The Atlas Group’s collection of documentation fails to satisfy its audience in that it does not elucidate or remember the actual events of the Lebanese Civil War. Raad felt it would be futile, even impossible, to document the war in Lebanon. Instead, the collection satisfies an amnesiac desire, one that highlights the forgetfulness, gaps, and absences of the archive. Its blind spots remind us of the ineluctable relationship memory shares with forgetting. Over time, things get lost or displaced and become irretrievable. Rather than creating proxies, the artist incorporates fictive characters and testaments, and though fictional, they remain original. Meaning and affect, even truth, resound in Raad’s archive — speaking not through the cryptic facts or numbers of the documentary record, but through aesthetics and the bold flights of the artist’s imagination.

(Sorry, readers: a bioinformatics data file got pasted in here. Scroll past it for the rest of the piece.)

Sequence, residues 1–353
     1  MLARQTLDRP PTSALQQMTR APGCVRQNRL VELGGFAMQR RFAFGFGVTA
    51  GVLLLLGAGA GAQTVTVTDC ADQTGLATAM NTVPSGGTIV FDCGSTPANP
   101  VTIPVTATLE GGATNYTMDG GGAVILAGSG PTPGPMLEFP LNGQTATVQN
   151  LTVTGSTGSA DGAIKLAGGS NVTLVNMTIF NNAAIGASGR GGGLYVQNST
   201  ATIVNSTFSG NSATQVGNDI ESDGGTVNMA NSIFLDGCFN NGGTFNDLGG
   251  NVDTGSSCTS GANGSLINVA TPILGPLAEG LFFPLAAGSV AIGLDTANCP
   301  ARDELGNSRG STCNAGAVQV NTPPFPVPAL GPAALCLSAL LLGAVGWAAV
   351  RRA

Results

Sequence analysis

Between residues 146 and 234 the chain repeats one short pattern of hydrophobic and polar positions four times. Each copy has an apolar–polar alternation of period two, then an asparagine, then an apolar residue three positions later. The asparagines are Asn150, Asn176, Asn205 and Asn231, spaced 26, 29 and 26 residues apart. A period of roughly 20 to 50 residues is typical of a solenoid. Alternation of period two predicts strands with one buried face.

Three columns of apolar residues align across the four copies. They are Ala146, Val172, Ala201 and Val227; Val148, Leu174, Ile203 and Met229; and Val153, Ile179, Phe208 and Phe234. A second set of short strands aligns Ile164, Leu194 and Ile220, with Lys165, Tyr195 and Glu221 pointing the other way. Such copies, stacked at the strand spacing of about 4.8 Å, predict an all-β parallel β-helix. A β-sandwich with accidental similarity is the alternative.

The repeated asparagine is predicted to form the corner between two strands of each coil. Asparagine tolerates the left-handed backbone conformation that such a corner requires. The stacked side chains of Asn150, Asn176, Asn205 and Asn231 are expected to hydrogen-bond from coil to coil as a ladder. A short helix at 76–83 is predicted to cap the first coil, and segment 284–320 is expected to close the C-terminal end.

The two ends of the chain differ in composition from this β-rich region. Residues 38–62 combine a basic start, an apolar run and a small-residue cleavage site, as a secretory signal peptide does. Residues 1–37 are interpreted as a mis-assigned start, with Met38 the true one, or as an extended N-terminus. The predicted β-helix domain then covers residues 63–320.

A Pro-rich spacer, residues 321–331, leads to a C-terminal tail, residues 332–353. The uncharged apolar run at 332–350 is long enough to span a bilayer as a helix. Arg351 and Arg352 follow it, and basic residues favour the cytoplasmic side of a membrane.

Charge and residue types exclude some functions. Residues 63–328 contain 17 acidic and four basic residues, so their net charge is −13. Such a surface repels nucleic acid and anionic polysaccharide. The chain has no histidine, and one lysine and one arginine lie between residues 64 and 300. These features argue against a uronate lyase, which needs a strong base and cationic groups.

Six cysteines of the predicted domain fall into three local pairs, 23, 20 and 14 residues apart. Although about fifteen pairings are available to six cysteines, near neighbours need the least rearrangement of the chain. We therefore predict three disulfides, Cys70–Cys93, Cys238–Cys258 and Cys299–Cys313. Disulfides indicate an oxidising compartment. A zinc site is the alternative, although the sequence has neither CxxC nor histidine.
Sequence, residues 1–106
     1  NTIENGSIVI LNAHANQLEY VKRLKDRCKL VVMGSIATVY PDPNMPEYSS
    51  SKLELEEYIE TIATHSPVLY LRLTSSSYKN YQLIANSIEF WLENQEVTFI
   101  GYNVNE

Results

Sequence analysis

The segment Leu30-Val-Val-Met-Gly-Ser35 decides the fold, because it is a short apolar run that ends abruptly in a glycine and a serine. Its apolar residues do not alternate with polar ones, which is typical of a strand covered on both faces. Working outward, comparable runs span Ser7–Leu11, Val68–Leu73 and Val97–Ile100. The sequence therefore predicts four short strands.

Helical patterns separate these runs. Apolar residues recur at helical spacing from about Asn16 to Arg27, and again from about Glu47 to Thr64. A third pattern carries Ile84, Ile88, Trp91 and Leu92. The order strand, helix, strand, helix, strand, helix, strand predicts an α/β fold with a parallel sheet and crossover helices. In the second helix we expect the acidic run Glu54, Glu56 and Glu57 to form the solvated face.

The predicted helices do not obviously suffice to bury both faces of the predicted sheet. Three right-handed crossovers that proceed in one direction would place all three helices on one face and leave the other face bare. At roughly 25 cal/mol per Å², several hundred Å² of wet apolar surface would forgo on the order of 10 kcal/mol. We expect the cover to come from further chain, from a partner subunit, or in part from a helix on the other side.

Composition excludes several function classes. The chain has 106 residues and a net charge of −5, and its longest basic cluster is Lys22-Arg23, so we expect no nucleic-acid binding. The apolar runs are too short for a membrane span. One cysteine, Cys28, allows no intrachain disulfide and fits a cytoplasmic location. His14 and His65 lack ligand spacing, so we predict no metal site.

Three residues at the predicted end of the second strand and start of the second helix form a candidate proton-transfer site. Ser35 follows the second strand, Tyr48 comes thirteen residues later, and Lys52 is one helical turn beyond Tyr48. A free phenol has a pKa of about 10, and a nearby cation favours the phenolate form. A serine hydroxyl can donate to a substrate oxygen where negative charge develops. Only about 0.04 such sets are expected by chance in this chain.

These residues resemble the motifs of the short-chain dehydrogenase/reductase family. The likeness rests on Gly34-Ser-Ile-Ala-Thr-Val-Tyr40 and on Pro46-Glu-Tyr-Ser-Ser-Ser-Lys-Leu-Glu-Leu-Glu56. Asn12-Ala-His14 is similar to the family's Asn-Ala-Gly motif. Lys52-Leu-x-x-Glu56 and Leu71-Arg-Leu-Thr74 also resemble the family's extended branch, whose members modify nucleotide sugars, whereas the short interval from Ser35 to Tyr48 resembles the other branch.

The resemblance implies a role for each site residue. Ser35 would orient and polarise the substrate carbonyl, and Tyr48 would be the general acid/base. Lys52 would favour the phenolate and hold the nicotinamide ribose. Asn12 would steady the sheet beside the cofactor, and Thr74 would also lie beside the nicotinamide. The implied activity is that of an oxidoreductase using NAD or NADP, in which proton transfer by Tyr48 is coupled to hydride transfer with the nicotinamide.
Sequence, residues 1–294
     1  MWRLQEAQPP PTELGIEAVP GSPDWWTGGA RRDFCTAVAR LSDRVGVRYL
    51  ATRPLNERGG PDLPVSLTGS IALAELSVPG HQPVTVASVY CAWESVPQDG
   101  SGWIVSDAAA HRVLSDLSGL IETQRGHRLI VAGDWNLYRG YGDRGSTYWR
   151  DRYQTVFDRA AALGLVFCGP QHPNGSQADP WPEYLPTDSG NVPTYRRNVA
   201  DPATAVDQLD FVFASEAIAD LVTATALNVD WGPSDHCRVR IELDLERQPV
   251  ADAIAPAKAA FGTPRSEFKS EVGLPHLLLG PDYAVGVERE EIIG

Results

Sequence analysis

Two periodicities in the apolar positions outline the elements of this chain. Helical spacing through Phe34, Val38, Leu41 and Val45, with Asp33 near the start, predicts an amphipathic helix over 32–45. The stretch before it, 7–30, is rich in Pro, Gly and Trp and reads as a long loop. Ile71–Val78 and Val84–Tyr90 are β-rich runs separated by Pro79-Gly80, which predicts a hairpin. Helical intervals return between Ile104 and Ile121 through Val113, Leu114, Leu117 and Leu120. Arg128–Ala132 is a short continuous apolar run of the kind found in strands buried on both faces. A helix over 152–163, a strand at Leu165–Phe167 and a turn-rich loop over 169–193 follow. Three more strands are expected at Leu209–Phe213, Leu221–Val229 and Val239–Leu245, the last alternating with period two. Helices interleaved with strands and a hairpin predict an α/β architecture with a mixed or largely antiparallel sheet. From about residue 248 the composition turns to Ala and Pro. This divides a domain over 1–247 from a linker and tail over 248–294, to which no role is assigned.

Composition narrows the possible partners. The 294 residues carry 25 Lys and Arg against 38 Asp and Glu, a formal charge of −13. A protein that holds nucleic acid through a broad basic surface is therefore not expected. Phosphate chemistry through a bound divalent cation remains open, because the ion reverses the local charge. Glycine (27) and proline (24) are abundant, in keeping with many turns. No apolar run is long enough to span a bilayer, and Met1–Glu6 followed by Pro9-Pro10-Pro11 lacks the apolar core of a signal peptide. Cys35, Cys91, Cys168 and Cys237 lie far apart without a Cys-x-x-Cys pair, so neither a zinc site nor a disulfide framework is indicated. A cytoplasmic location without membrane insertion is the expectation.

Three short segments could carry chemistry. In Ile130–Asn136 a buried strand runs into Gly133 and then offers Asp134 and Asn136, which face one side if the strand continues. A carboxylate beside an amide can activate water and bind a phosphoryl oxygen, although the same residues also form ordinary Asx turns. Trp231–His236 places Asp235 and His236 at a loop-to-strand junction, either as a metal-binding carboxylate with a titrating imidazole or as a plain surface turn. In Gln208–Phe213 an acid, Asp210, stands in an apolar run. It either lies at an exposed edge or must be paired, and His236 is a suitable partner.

(1) Here, I echo Renée Green’s words in her personal investigation of “in-between spaces.” See “Survival: Ruminations on Archival Lacunae” in Interarchive, ed. Hans-Peter Feldman et al. (Cologne: Verlag der Buchhandlung Walther König, 2002), 174.
(2) Walid Raad, Miraculous Beginnings, ed. Achim Borchardt-Hume (London: Whitechapel Gallery, 2011), 55.
(3) As quoted in Ann Temkin, Briony Fer, et al., ed., Colour Chart: Reinventing Colour, 1950 to Today (New York: Museum of Modern Art, 2008), 216.
(4) Ibid., 28.
(5) See Barbara Rose, Monochromes: From Malevich to Present, (Berkeley: University of California Press, 2006), 21.
(6) Georgio Agamben quoting Primo Levi in his Remnants of Auschwitz: The Witness and the Archive, trans. Daniel Heller-Roazen (New York: Zone Books, 1999), 34.